A Student Filmmaker’s Paradise: DU Film Festival

Trinity’s very first DU Film Festival ran a range of events throughout the week, fostering relationships between young Irish filmmakers.

This week saw Trinity’s inaugural student film festival, DU Film Festival (DUFF), fully embracing their slogan of ‘by students, for students’. Ran in and around Trinity campus by DU Film Society, it was the first festival of it’s kind and offered students from all around Dublin and the country a unique and rare opportunity.

An indisputable success, the week featured events ranging from speed-networking to various talks from established speakers as well as screenings of student produced films which were all nominated for awards in various categories.

Susannah Hunt, DUFF organiser and Exhibitions officer for DU Film, has succeeded in her goal  to “equip up and coming filmmakers with the tools they need to make the most of opportunities presented at other, bigger festivals in the future.” Speaking on why she felt such a festival was important both to Trinity and students from other colleges, she commented that “Ireland is a small country with an even smaller film industry. It makes sense to bring the filmmakers of tomorrow together sooner rather than later.”

Not only was educating students on how to maximise a festival experience the primary focus of many of the  festival’s guest speakers, but it was a constant thread throughout all of the various events. Mick Hannigan of the Indie Cork Festival brought along various material which they use to promote their festival and discussed how to promote your film and any upcoming ideas that you may have whilst speaking in Chaplins on Tuesday afternoon. This focus on preparing for festivals was mirrored in the talk on ‘How to Market Your Film’ given by Allison Wheeland, Chairperson of DU Film,  in Áras an Phiarsaigh on Thursday evening.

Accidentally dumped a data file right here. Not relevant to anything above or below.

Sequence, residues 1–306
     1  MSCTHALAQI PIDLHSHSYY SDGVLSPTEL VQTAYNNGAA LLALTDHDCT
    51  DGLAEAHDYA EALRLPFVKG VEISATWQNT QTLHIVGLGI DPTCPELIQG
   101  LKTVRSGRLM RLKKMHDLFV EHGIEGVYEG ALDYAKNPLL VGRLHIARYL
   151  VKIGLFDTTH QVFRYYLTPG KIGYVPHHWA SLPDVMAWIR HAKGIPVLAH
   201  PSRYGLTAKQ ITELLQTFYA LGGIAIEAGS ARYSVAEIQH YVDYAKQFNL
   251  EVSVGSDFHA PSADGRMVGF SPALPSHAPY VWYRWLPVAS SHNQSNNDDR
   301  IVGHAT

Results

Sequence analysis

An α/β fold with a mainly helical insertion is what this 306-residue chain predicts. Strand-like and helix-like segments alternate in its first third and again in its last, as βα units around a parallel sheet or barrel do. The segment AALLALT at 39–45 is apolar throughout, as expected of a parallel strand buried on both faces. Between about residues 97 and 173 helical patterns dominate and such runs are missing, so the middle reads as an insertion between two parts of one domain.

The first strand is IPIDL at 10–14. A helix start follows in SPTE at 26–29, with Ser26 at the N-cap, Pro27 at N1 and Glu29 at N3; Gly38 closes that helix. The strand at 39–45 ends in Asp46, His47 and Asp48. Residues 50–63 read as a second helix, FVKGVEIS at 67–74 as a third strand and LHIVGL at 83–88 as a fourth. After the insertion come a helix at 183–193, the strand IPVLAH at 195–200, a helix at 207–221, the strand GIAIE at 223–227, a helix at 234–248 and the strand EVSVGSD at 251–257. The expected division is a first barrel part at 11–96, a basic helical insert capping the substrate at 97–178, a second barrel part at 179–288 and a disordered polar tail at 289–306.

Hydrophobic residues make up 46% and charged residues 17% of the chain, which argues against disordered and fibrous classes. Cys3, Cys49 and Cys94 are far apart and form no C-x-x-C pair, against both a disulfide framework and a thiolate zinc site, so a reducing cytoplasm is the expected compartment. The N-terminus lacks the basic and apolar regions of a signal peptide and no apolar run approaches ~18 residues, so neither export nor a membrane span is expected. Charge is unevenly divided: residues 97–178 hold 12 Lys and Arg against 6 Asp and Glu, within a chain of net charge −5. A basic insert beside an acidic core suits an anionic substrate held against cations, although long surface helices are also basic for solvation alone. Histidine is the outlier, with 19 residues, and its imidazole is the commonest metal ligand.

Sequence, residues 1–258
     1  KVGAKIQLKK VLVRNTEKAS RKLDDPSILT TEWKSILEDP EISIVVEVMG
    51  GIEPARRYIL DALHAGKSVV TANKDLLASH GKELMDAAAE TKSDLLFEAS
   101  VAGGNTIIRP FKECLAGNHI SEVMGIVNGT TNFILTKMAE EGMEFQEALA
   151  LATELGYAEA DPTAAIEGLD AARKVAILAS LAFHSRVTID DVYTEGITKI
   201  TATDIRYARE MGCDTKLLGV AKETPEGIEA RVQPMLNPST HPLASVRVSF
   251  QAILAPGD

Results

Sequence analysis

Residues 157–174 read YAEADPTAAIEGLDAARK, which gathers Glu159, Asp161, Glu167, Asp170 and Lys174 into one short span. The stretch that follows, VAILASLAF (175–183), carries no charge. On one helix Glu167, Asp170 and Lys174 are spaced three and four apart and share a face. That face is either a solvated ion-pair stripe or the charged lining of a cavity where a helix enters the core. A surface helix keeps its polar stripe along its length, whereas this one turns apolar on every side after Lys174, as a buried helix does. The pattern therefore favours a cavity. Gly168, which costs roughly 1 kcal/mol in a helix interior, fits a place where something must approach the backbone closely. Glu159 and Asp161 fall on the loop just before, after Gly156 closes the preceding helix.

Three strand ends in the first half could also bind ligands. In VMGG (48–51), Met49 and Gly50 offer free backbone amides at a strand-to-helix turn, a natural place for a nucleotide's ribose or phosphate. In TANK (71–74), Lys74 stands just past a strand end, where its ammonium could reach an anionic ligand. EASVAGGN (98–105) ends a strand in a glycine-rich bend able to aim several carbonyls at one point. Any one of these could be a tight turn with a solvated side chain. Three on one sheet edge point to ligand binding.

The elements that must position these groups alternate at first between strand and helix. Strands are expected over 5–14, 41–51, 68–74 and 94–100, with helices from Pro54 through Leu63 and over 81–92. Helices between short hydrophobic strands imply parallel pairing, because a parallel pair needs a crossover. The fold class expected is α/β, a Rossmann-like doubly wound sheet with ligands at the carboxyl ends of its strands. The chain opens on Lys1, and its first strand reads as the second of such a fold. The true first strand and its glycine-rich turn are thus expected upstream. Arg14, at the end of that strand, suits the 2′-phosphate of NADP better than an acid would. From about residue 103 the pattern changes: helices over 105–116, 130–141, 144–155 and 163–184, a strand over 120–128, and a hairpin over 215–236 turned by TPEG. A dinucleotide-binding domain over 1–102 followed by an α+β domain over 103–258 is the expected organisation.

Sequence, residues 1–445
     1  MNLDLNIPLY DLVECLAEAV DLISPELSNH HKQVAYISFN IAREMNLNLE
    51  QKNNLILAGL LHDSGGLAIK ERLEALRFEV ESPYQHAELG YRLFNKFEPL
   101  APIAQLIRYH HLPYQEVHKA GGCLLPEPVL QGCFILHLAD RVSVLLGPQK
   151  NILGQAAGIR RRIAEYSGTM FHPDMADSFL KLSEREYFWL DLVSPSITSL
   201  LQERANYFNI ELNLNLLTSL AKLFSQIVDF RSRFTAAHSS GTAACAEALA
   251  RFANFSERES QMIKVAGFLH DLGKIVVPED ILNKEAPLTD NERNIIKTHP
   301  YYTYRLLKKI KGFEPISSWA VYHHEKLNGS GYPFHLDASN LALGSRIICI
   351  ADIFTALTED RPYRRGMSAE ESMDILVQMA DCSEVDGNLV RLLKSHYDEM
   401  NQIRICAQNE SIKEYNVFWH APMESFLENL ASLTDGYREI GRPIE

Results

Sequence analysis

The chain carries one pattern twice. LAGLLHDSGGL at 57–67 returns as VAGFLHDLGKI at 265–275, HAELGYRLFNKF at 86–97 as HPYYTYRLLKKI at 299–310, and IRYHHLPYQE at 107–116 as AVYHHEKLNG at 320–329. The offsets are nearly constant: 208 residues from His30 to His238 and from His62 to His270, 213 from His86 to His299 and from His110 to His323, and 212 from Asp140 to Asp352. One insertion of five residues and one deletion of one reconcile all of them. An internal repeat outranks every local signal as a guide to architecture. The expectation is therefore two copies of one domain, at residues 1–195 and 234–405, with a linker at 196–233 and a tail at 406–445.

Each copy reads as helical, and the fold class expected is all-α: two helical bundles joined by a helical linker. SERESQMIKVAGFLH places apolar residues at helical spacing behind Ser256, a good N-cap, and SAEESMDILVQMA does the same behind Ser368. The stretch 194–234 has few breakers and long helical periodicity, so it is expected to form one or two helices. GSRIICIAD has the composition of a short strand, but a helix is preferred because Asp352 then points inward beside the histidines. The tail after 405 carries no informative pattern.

Both speakers addressed the issue of figuring out which festivals to apply  to, with Wheeland encouraging planning and restraint, rather than becoming carried away when you receive numerous emails from film platforms which you will inevitably have to register your film on. Her talk drew from experience of society members who have been to Cannes alongside various other festivals and made the process seem a lot less daunting and approachable than it would initially seem.

Hannigan and Wheeland also spoke on the matter of networking, a topic which many young and beginner filmmakers tend to forget about. They encouraged students to consider various points when networking encompassing upcoming projects, having solid ideas that are available to produce to investors and people who are interested such as postcard profiles or USB keys and doing your research before you go so you know how to find people and how to best promote yourself.

Tying into this idea of equipping student filmmakers representatives of the Fastnet Film Festival in Cork spoke about what they specifically looked for in films, echoing what Hannigan had touched on the day before when discussing how he selected films when programming the Indie Cork festival.

All these events whilst invaluable to the everyday filmmaker were an asset to Trinity and have pushed DU Film forward as a benchmark for student festivals as they have successfully managed to cover many areas in which students have an interest in over a very short space of time.

Whilst educating, the festival also managed to succeed in terms of its intentions “to foster relationships between young Irish filmmakers with a view to potential cross-college collaboration on film projects in the future” according to Hunt. The speed-networking event on Monday encouraged all in attendance to engage with people from other campuses, solidifying Trinity as a college in which collaboration and creative ideas are encouraged and developed. As she stated, “students from all over the country have come along to the festival this week.” This has improved our image on a national level in relation to film and has attracted interest from not just students, but professionals in the industry also.

On a college level, DUFF has sparked a louder conversation about film in Trinity. Students can be seen engaging with events that would not have been previously offered to them from Trinity or elsewhere, with the fact that they are on campus enabling students to take their first steps into the film industry without having to go to intimidating efforts.
I personally have thoroughly enjoyed every minute of DUFF 2017, regarding it as an incredible experience which has taught me more than I expected from the festival. The committee has done a visibly wonderful job and I am excited to see what lies in store for DUFF 2018.

Laura Beston

Laura Beston is the current President of Trinity's Students' Union, and a former Deputy Sports Editor of Trinity News.